The dirt track race scene wasn’t quite as family-oriented, but I wondered if the thrill of hitting huge jumps and step-ups was a bit more appealing to kids? Kids love jumps! I got a better sense of the community when Scott stumbled upon this hilarious Disney movie, a kind of motocross version of Shakespeare’s The Twelfth Night. It’s called Motocrossed (2001) and was a TV movie that has become a cult classic.
The premise is essentially that there are twins named Andrew and Andrea. The dad is training up Andrew to compete and go pro for motocross, while Andrea (who is equally as talented) is told that because she is a girl she must be content with winning cheerleading contests. The twins are messing around on the family motocross course, when Andrew is injured. Andrea feels guilty at ruining her brother’s season, so she cuts her hair and pretends to be him at the race. There is romance, confusion, heartbreak and resolution. And, the best part is that Andrea ends up dominating and being allowed to do what she is best at and admitting her identity to the boy she is crushed out on without compromising her love of motocross! I absolutely loved it. Cheesy Disney moments, but that’s all good times.
I imagine that the story-line is not that far-fetched since there are plenty of amazing female motocross racers who probably started out racing with the boys, and eventually had to determine what “class” they would join. At this point in time I’m pretty sure there are enough ripping female racers to make a pro division competitive, but depending on where they came from I suspect most of them had to do their time racing the guys.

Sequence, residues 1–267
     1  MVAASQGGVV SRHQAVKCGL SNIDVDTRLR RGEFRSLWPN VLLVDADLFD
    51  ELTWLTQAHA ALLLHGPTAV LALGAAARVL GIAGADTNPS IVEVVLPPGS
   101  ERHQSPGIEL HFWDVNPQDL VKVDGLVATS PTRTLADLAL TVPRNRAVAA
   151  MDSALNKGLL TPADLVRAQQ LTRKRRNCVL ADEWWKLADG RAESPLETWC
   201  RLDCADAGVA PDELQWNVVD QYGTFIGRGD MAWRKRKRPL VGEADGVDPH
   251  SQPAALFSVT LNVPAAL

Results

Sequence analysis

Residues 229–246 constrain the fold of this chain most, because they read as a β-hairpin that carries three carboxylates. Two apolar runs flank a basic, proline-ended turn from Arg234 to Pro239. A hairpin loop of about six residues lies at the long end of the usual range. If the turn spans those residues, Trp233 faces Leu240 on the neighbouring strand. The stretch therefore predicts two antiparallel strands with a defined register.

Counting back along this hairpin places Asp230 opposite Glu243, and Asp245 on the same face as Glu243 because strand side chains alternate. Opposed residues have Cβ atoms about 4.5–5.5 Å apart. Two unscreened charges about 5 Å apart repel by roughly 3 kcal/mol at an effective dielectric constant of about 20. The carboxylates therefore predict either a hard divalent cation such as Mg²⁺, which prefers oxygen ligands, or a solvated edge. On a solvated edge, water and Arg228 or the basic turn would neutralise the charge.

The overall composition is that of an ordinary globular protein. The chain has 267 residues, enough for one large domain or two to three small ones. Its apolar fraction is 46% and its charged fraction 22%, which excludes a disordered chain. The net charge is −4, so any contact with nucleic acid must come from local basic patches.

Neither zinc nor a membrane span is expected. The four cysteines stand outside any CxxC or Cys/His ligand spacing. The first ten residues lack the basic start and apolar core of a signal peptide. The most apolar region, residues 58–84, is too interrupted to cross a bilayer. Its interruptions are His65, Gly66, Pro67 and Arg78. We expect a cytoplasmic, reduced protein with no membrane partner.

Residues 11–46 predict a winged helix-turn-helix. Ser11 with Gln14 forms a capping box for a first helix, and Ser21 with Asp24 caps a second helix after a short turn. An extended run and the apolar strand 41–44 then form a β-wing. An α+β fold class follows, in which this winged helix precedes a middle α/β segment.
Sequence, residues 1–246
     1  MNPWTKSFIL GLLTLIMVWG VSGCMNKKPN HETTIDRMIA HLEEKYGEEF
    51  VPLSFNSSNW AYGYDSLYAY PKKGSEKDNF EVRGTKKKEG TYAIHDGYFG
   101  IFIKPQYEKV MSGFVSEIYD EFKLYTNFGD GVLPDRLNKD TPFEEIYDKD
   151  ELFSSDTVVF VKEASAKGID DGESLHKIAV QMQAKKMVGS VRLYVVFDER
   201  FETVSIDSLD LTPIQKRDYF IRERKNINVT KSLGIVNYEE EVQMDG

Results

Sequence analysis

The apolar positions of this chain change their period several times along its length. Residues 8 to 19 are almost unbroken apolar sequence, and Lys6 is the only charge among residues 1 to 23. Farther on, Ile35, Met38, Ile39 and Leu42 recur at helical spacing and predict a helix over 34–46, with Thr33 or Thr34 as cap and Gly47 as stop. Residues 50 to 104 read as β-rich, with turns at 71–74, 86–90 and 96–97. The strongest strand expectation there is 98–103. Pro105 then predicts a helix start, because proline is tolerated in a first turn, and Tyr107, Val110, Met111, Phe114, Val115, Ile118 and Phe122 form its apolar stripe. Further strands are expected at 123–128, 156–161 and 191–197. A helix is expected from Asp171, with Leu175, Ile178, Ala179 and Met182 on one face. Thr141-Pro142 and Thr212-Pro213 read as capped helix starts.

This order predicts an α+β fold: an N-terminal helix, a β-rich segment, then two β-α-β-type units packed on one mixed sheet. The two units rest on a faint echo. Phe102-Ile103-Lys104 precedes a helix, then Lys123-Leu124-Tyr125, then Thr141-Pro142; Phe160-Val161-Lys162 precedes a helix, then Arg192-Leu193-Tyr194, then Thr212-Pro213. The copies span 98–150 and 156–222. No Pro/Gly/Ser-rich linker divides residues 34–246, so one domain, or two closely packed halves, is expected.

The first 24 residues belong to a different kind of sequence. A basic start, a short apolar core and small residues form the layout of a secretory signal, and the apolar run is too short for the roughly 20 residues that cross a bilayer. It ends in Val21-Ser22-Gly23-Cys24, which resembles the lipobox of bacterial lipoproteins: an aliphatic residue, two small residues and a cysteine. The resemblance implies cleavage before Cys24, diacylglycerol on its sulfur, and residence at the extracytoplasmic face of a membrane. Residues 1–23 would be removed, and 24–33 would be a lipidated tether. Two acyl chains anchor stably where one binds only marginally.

My personal favourite is Ashley Fiolek, as she had to overcome a lot of adversity being a deaf racer, and inspired many girls and women during her career. She was a four-time WMX champion, and the first woman to earn a “full factory” ride, which surprised me that there were not more. I had never thought of how hearing your bike and hearing the position of your fellow racers plays such a big part.
After all this motorcycle action I was a bit more motivated to admit that it was time to move on from my current bike. I ended up buying the exact same bike as Scott (1994 Honda XR650l), but with a lowering link. I figure that sharing the same spare parts (ie. extra cables, CDI box, whatever) and only one manual, will make a lighter more efficient load on our roadtrips. It may not be a new bike, but it’s something I can work with and will have fun learning about with Scott.
As much as I would love to be part of the racing action, I feel like I can do my part by celebrating rad friends like Emily and heroes like Ashley. The only thing that I wonder about is how films like Motocrossed perpetuate an idea that to be accepted as a female athlete, you have to be “the best” and on par with the guys. The storyline is really fun, and there are other films and TV movies out there whether it is BMX or skateboarding, etc. And yet, it irritates me that there are still hundreds or thousands of guys who were not that talented, but their right to try a sport is never questioned, but for a mediocre girl who simply gets joy out of participating, there’s still such a battle!
In the case of skateboarding we are seeing a shift from the days of Elissa Steamer – the token pro female skateboarder in the 1990s to a slightly more inclusive environment, but the pressure remains that a girl has to “prove herself” to be worthy of occupying sporting space. I’m hopeful that things will evolve because I know girls and women are notorious for persevering! Ride on.